SPL Programming - 10.1 [Association] Primary key

 

When we talked about the concept of structured data, we said that the fields of the data table have names, but the records have no names. So how do we identify the difference between one record and another? We know that each record corresponds to the information of one thing. Which is it? How to determine that the current referenced or operated record is the one corresponding to the expected thing?

It is often unreliable to use the order of a record in the table sequence to identify, because the sequence number will change with the insertion and deletion action.

In the examples of the previous chapter, most of the table sequences we created and referenced have a field with values that are unique in the whole table sequence, such as the id field in the personnel table or the dt field in the stock table. Structured data uses this unique field value to identify a record.

In a data table, if there are one or more fields and the values of any two records in this field (the sequence of values if multiple fields) are different, we can set this field (fields) as the primary key of the data table.

Note that the primary key is set manually and not found automatically. There may be multiple fields (or sets of fields) in a data table that meet the condition of primary key (uniqueness), but we will only select one (set) as the primary key. A primary key must be unique, but a unique field may not be a primary key.

The field value of the primary key of a record, also known as the primary key value of the record, is also referred to as the primary key when the context is unambiguous.

Because the primary key is unique, that is, the primary key value of a record will not be repeated in the whole data table, the primary key can be used to uniquely identify a record. We say that the current referenced or operated record is a record with a primary key of xxx, so there will only be one such record, and there will be no mistake.

For a data table with a primary key already set, in principle, it is not allowed to add new records with the same primary key as existing records. When inserting and deleting records, the primary key will not change. Using the primary key to identify a record is more stable than using the sequence number.

However, primary key is not required (none of the previous examples has one). A data table without a primary key usually only appends records instead of modifying, deleting existing records or inserting new records in front, because these actions will change the sequence number.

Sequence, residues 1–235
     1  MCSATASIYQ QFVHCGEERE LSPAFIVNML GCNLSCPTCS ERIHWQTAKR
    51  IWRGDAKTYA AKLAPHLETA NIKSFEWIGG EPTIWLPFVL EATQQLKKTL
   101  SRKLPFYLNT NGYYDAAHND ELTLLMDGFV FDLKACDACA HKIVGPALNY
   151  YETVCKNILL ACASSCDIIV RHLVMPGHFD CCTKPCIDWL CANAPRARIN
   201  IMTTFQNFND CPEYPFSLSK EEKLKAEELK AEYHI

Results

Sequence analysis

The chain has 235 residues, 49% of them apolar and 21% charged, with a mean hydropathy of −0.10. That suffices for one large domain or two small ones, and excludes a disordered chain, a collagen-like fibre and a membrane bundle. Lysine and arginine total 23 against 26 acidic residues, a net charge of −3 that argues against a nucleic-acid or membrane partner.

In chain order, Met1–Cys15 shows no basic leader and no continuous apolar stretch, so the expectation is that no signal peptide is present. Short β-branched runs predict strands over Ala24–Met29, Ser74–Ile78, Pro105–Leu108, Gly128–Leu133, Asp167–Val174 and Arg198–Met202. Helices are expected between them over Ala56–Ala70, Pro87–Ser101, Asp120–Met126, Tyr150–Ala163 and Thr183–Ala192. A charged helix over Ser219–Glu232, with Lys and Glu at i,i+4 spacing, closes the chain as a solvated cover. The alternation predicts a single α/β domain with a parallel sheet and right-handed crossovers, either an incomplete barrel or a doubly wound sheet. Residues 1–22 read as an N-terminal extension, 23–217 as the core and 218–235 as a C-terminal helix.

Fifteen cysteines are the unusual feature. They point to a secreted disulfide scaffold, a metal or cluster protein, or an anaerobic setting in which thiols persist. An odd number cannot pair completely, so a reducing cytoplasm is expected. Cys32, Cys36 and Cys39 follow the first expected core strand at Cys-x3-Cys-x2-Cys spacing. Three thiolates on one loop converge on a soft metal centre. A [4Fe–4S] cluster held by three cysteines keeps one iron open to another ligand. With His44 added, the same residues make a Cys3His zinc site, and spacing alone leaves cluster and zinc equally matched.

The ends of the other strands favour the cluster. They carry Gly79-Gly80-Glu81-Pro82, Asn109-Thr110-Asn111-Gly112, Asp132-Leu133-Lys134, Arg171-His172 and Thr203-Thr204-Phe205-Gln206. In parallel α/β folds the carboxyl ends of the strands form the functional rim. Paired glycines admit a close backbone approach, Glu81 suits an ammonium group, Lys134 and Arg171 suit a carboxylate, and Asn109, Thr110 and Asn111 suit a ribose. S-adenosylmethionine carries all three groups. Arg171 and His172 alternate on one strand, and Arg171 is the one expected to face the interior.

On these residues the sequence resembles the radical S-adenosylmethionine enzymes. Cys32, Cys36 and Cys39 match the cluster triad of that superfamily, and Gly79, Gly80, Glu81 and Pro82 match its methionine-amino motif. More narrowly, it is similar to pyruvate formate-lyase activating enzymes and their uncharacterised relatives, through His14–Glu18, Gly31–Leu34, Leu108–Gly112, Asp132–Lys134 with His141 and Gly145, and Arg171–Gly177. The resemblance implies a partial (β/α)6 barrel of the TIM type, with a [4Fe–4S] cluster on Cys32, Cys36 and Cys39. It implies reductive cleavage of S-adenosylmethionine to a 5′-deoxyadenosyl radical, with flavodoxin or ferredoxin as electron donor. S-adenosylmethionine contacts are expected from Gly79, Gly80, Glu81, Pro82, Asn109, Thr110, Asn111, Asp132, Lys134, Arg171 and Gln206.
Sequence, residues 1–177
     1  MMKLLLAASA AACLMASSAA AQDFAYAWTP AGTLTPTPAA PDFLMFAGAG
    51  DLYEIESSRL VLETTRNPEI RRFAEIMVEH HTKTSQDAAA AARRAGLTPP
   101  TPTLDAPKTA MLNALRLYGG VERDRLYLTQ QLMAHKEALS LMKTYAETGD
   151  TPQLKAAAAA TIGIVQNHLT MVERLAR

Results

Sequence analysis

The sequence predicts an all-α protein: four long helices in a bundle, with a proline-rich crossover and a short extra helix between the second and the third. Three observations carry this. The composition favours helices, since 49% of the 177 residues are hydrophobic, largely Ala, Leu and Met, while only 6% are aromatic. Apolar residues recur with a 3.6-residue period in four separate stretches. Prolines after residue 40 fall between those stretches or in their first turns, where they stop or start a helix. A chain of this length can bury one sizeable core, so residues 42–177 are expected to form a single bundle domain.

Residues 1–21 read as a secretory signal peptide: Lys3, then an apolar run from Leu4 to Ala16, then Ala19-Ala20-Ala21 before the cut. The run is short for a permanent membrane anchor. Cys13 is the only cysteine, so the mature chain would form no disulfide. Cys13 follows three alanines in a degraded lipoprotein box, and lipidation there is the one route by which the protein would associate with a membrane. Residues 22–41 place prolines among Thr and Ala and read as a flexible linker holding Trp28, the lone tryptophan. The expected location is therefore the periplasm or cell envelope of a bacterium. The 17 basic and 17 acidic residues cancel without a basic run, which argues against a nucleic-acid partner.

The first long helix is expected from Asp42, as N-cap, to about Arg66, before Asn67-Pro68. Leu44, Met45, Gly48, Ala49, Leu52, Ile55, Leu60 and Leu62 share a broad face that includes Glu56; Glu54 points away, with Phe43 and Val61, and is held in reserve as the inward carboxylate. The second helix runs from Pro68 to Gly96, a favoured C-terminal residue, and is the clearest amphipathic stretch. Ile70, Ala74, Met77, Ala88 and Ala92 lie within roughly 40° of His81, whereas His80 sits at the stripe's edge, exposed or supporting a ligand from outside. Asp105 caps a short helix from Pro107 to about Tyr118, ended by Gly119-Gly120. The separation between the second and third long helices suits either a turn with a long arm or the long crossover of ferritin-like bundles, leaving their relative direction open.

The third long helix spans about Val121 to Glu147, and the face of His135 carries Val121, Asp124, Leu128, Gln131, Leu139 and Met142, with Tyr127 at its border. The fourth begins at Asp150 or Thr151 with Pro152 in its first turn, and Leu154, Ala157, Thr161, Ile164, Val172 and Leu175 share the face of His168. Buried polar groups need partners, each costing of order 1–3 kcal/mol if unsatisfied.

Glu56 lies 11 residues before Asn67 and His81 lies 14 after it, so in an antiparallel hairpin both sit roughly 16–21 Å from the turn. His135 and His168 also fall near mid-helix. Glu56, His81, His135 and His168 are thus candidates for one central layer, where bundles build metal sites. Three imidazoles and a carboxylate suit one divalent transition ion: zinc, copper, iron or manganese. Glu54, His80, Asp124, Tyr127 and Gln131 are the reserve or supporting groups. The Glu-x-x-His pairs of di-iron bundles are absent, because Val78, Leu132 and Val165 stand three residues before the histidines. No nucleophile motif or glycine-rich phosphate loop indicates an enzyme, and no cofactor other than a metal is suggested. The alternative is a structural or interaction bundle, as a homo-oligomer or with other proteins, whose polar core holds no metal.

In fact, we are not unfamiliar with the concept of primary key in our daily life. All students in the school will have a unique student number. The attribute of student number itself has no effective information, and its function is only to uniquely identify a student. It will not work to directly use students’ names. People may often have duplicate names, so it is difficult to accurately identify a student. For things like orders, they don’t have a name. They need a (unique) number to identify them. Otherwise, we don’t know how to determine which order we are talking about. Other similar ones include flight number, bank account, telephone number, etc., which all play the role of primary key.

The “primary key” in daily life is almost everywhere. The primary key of structured data is only an embodiment of people’s daily experience in the programming language. The primary key is the name of the record. Setting the primary key is to give the record a (unique) name.

SPL provides some functions for primary key:

A
1 =1000.new(string(1000+~):id,if(rand()<0.5,“Male”,“Female”):sex)
2 =A1.keys(id)
3 =A1(1).key()

A2 uses the keys()function to set the primary key of the table sequence as the id field, and A3 uses key() to calculate the primary key of a record.

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For the table sequence with primary key set, a key icon will be drawn on the primary key field when the values are displayed.

However, SPL does not check the uniqueness of the primary key when it is set. Whether the primary key is unique is controlled by the programmers themselves.

Using the grouping operation we have learned, it is easy to judge whether a field is unique in the data table:

A
1 =1000.new(string(rand(1000)):id,if(rand()<0.5,“Male”,“Female”):sex)
2 =A1.id().len()==A1.len()

Just see if the sequence after DISTINCT is as long as the original table sequence.

When inserting records, SPL does not check the uniqueness of the primary key. The following code will not report an error.

A